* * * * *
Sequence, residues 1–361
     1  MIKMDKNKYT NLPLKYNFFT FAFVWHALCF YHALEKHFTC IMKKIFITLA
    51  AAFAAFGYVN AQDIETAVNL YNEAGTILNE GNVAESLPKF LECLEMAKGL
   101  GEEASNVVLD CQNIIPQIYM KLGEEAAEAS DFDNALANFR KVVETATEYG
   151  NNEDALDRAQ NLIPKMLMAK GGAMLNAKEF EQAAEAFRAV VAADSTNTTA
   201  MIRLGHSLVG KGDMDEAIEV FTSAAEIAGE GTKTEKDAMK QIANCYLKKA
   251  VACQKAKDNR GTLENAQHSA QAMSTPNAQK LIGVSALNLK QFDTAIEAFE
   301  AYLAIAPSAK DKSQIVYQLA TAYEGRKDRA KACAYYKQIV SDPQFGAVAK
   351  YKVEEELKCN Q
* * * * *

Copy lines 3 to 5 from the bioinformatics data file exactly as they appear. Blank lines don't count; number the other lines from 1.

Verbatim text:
    51  AAFAAFGYVN AQDIETAVNL YNEAGTILNE GNVAESLPKF LECLEMAKGL
   101  GEEASNVVLD CQNIIPQIYM KLGEEAAEAS DFDNALANFR KVVETATEYG
   151  NNEDALDRAQ NLIPKMLMAK GGAMLNAKEF EQAAEAFRAV VAADSTNTTA